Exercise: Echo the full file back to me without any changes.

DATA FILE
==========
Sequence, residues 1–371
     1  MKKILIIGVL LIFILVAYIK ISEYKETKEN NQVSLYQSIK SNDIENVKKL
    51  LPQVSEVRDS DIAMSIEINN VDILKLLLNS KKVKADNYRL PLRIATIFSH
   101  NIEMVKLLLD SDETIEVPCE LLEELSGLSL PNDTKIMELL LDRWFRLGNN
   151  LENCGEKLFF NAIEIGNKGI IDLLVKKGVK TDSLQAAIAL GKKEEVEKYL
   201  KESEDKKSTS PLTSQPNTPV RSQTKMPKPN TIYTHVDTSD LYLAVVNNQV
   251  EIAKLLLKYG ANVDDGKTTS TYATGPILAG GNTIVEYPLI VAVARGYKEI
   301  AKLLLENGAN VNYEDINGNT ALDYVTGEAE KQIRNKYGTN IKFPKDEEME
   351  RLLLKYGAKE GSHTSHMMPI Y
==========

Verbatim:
Sequence, residues 1–371
     1  MKKILIIGVL LIFILVAYIK ISEYKETKEN NQVSLYQSIK SNDIENVKKL
    51  LPQVSEVRDS DIAMSIEINN VDILKLLLNS KKVKADNYRL PLRIATIFSH
   101  NIEMVKLLLD SDETIEVPCE LLEELSGLSL PNDTKIMELL LDRWFRLGNN
   151  LENCGEKLFF NAIEIGNKGI IDLLVKKGVK TDSLQAAIAL GKKEEVEKYL
   201  KESEDKKSTS PLTSQPNTPV RSQTKMPKPN TIYTHVDTSD LYLAVVNNQV
   251  EIAKLLLKYG ANVDDGKTTS TYATGPILAG GNTIVEYPLI VAVARGYKEI
   301  AKLLLENGAN VNYEDINGNT ALDYVTGEAE KQIRNKYGTN IKFPKDEEME
   351  RLLLKYGAKE GSHTSHMMPI Y